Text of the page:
As a coach, you have a unique role in a young athlete’s life. With this role, you can be a driving force in developing new leaderswho will impact sport and communities. But leadership is more than simply choosing a captain of the team.
“Coaches are uniquely suited to help students take on leadership roles,” explains Daniel Gould, co-author of Youth Sport Leadership Development: Leveraging the Sports Captaincy Experience. “In education, the amount of time a coach spends with a kid is likely more than any other teacher in the school.”
Here are strategies coaches can use to help develop leaders and leadership.
While it’s tempting to let a popularity contest determine the team captain, remember that everyone can learn leadership skills through sport and throughout the season.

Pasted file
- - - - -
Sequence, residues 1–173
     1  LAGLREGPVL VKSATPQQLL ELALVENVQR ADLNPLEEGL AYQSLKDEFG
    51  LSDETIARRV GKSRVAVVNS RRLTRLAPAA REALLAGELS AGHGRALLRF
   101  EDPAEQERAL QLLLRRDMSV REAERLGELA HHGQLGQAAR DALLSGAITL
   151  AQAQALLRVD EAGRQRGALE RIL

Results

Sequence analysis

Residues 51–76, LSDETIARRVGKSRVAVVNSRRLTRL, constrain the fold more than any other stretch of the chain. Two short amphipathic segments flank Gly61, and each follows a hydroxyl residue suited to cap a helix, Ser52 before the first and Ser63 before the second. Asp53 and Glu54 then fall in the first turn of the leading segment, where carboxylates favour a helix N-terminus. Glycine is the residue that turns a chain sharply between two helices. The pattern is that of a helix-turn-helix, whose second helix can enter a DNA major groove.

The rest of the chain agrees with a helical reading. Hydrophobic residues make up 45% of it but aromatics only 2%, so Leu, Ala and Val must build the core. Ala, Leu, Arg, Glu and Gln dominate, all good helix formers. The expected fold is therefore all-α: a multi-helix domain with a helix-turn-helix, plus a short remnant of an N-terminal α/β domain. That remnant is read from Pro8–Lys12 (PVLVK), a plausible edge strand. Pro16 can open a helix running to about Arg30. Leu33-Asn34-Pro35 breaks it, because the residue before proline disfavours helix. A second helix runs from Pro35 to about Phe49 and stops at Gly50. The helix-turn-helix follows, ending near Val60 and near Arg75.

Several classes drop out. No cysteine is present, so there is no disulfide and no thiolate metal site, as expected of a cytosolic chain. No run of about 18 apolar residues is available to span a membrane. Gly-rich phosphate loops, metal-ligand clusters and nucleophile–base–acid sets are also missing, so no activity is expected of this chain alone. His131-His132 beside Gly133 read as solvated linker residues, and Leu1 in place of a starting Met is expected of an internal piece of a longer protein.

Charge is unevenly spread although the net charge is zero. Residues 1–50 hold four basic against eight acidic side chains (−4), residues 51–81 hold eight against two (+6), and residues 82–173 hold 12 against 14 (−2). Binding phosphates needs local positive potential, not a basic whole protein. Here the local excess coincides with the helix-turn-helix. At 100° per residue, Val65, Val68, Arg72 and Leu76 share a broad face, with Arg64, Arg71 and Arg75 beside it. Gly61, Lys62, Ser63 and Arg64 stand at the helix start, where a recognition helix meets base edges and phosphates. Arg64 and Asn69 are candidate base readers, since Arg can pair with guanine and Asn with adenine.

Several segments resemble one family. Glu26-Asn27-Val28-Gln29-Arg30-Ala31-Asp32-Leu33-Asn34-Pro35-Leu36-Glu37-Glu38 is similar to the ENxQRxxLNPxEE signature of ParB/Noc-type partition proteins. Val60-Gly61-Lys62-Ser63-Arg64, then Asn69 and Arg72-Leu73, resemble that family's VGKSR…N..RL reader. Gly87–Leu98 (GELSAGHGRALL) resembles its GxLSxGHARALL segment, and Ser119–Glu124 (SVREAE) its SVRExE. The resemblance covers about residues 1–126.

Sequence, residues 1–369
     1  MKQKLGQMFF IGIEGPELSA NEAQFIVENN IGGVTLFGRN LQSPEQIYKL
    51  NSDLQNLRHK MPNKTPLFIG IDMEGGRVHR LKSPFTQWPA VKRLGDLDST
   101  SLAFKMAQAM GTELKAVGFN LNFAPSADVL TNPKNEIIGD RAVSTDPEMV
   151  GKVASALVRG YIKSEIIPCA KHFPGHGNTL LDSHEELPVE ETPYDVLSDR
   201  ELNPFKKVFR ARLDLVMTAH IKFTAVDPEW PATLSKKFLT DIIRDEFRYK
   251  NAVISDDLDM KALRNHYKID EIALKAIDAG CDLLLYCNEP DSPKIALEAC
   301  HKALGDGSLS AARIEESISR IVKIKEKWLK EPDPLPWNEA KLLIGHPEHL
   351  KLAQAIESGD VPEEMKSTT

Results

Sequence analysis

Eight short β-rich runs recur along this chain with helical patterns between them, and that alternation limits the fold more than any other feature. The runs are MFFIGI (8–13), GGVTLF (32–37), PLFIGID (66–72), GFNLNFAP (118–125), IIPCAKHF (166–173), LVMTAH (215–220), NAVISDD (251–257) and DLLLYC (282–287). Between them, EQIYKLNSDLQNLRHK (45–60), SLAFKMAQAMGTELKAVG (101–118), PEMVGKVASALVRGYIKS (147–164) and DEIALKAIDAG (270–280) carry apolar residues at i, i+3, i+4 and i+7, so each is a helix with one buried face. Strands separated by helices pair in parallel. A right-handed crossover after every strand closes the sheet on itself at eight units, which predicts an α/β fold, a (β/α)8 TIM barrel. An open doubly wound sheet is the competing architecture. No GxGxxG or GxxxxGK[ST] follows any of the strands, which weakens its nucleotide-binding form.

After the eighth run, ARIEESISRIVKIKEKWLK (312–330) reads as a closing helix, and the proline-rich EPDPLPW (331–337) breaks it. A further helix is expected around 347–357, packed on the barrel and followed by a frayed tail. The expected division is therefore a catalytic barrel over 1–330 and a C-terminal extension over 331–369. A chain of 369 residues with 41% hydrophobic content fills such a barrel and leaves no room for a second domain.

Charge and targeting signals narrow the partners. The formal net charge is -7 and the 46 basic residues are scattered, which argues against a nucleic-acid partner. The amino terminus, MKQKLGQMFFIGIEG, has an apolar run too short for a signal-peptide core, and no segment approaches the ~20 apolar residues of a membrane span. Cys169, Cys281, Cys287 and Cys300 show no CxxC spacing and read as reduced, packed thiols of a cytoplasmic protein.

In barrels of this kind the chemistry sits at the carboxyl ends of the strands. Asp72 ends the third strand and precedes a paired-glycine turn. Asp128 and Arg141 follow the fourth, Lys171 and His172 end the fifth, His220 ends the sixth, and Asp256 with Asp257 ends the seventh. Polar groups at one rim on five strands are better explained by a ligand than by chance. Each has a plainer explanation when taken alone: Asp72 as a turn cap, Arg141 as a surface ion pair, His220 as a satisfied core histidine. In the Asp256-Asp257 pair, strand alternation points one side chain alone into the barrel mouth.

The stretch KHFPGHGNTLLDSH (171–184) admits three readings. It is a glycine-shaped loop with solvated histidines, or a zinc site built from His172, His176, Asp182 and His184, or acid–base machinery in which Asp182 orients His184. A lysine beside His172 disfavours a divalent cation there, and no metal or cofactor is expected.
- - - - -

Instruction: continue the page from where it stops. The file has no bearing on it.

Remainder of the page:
“In youth leadership, people debate if we should teach all kids how to lead, or if we only teach the kids who are more likely to lead, who naturally seem to rise to the challenge,” says Gould. While one or two students often end up rising to the top—you only have one student president, one captain of the team—and it’s fine to focus on those students, make sure everyone gains insight into leadership.
The art of being a good follower can be harder to learn, but it’s as necessary as being a good leader. “Students also need to learn to follow, to take constructive criticism,” says Gould.
“In life, everyone will likely end up acting as both a leader and a follower at some point, so it’s important to teach both.”